Lesson Plan - Get It!
Clarence Gideon had been a drifter his entire life. Yet, after just a bit of research, he found an inconsistency in the U.S. Constitution that the Supreme Court had yet to recognize.
Clarence Gideon was arrested after a robbery had been committed in his general area and one person said they had seen him with the money. He had been a drifter his entire life, and this made him an easy target.
Image [cropped] by Florida Division of Corrections, via State Library and Archives of Florida, is in the public domain.
Gideon knew he didn't commit the robbery, so a lawyer should be able to defend him easily. As a result, he asked for one to be provided for him. However, under Florida law, people were only provided a free lawyer if they were facing a potential death sentence.
Without proper counsel from a lawyer, Gideon was found guilty and went to jail. While he was there, he did some research into U.S. law.
The Bill of Rights guarantees certain rights and privileges to people on a federal level.
For instance, the 6th Amendment promises people can "have the assistance of counsel for his defence".
This means that, at a federal level, everyone has the right to counsel by a lawyer. However, this did not apply to the state judicial system.
While doing more research, Gideon found an inconsistency betwen the 6th and 14th Amendments.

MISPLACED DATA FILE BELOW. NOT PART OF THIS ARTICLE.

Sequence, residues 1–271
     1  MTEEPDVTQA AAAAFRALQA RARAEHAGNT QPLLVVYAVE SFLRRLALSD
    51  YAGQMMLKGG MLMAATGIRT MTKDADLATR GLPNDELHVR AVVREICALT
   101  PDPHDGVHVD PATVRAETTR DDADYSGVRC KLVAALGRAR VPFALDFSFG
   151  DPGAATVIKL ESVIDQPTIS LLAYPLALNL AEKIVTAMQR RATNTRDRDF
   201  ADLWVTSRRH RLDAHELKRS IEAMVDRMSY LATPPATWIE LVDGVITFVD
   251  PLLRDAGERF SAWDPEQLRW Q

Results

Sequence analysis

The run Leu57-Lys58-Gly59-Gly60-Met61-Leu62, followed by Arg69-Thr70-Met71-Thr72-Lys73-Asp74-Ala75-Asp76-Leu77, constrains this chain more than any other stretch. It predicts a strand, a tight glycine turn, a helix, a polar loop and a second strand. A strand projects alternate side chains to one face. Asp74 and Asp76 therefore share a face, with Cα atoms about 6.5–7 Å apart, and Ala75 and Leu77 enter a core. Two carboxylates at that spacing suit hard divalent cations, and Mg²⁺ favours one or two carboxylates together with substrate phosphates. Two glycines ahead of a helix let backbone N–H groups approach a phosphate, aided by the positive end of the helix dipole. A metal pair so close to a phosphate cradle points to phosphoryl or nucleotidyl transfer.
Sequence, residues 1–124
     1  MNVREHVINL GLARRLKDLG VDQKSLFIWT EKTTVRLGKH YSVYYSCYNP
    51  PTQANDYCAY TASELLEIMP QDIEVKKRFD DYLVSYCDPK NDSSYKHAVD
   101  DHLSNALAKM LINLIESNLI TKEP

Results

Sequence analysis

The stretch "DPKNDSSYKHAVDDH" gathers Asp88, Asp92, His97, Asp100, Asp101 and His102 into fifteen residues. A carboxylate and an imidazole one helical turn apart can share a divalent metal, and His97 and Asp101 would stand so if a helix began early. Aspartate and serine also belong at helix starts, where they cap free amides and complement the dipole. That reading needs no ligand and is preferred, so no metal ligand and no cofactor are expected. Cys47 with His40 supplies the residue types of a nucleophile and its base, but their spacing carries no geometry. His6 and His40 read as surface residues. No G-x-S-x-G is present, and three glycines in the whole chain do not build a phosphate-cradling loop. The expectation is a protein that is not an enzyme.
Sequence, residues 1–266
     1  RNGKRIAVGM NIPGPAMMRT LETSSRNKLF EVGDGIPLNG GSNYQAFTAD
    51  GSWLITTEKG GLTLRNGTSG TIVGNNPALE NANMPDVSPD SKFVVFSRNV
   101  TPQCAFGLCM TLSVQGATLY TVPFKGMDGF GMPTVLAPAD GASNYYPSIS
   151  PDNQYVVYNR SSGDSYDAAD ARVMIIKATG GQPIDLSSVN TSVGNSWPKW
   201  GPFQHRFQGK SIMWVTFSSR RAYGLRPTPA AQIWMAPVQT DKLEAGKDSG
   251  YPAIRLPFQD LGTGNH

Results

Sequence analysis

Read this excerpt from Section 1 and see if you can find it:
All persons born or naturalized in the United States, and subject to the jurisdiction thereof, are citizens of the United States and of the State wherein they reside. No State shall make or enforce any law which shall abridge the privileges or immunities of citizens of the United States; nor shall any State deprive any person of life, liberty, or property, without due process of law; nor deny to any person within its jurisdiction the equal protection of the laws.
Clarence Gideon believed the 14th Amendment gave him the right to a lawyer because the 6th Amendment guarantees it. Because Florida state law kept him from receiving an attorney it was restricting a privilege given by the federal government.
In a letter Gideon wrote directly to the Supreme Court, he accused Secretary of the Florida Division of Corrections Louie Wainwright of denying him counsel as promised in the 6th Amendment of the Constitution.
After reading the letter, the Supreme Court ruled in favor of Gideon and gave all people in the nation the right to a lawyer regardless of economic status.
After the Gideon v. Wainwright decision, Clarence Gideon had a new trial -- with a lawyer this time. Within the first hour of the trial, Gideon was found not guilty of committing the robbery.
- Isn't it incredible that a single person was able to change the American judicial system by simply writing a letter?
As you head into the Got It? section, consider why it took so long for this inconsistency to be discovered.